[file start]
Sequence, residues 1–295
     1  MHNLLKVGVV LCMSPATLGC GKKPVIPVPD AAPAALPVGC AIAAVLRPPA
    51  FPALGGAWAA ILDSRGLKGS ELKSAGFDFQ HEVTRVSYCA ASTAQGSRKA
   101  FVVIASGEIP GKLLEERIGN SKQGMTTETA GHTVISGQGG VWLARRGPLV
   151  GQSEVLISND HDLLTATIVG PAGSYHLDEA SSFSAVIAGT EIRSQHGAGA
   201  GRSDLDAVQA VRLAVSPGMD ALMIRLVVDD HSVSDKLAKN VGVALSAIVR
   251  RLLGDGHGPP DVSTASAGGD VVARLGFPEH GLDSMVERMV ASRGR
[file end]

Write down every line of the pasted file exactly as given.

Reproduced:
Sequence, residues 1–295
     1  MHNLLKVGVV LCMSPATLGC GKKPVIPVPD AAPAALPVGC AIAAVLRPPA
    51  FPALGGAWAA ILDSRGLKGS ELKSAGFDFQ HEVTRVSYCA ASTAQGSRKA
   101  FVVIASGEIP GKLLEERIGN SKQGMTTETA GHTVISGQGG VWLARRGPLV
   151  GQSEVLISND HDLLTATIVG PAGSYHLDEA SSFSAVIAGT EIRSQHGAGA
   201  GRSDLDAVQA VRLAVSPGMD ALMIRLVVDD HSVSDKLAKN VGVALSAIVR
   251  RLLGDGHGPP DVSTASAGGD VVARLGFPEH GLDSMVERMV ASRGR